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can't get no sleep

'Young people are exhausted': This new toolkit is tackling sleep deprivation among teenagers

The Sleep Programme supports young adults to improve or maintain their sleep routine.

“THEY’RE COMPLETELY EXHAUSTED and it has huge implications.”

A new toolkit has been launched this week aiming to address poor sleep habits among young people.

The Sleep Programme, funded by the National Youth Council of Ireland, provides teachers and youth workers with the tools to support young adults to improve or maintain their sleep routine by addressing stress, diet, physical activity, and drug and alcohol use.

The programme, available to download online here, has five different modules to complete – the introduction, sleep hygiene, stress and sleep, physical activity, and evaluation.

Each module has various different activities that the participant should complete. For example, meditation and group discussion on the participant’s sleep habits.

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Creation of the programme

Fiona Creedon, a Youth Development Officer with Crosscare told that herself and her team have found over the years that many teenagers they work with have serious sleep deprivation issues.

“We found they were presenting exhausted. They are completely exhausted and getting in trouble in school as a result of it. It has huge implications,” Creedon said.

Creedon said in a statement that with the rise in popularity of social media and mobile technology, it is now more common for young people to be staying up later.

“We know that poor sleep in young people is linked to difficulties at school and maintaining healthy relationships with their families and peers.

The purpose of The Sleep Programme is to support young people to improve their sleep routine. A healthy sleep routine will help them realise their maximum potential now and in the future.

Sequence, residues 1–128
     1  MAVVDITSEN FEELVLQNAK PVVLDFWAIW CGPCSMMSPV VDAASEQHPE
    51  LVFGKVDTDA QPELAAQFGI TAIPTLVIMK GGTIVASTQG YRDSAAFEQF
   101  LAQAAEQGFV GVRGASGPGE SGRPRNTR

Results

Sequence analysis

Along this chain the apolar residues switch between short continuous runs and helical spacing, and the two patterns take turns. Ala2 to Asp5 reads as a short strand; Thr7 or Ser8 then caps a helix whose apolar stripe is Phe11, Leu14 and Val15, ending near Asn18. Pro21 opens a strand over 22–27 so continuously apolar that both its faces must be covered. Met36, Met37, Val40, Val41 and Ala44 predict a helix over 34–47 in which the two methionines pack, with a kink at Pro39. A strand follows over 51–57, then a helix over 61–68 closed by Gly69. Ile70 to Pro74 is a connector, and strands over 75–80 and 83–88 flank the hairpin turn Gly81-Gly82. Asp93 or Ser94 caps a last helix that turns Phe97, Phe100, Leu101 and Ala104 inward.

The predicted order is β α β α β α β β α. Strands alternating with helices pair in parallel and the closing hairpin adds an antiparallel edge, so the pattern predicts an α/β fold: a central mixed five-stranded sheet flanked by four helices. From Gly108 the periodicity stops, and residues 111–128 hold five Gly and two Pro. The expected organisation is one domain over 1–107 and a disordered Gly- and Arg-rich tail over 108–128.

The team behind the programme has run about five pilot programmes of the new project.

One participant of the pilot programmes, Shannon Lambert, aged 15, said: “I’ve learned a lot about things I can do in the evening to make sure I get a better night’s sleep, things like not using my phone for at least an hour before I go to bed and ways of managing anxious thoughts that might keep me awake.”

Creedon said that there is a “fear of missing out” among today’s young people when it comes to social media use.

“There is an addiction there. There’s a fear of missing out. Some of the young people we’ve worked with, their sleeping pattern is affected by anxiety,” she said.

The Sleep Programme is going to start a conversation about the importance of sleep because it is as important as food or exercise for our bodies.

“It’s a very user-friendly programme. It’s not a clinical piece. It’s there to educate and to show young people tips and different things they can do to relax.”

The Sleep Programme is a joint initiative between the HSE, Tusla’s School Completion Programme and Crosscare’s East Wicklow Youth Service.

Read: ‘I left weeping’: Medical card patients are still being charged by GPs for blood tests

More: School principal speaks of ‘terrible tragedy’ after young girl dies from suspected meningitis

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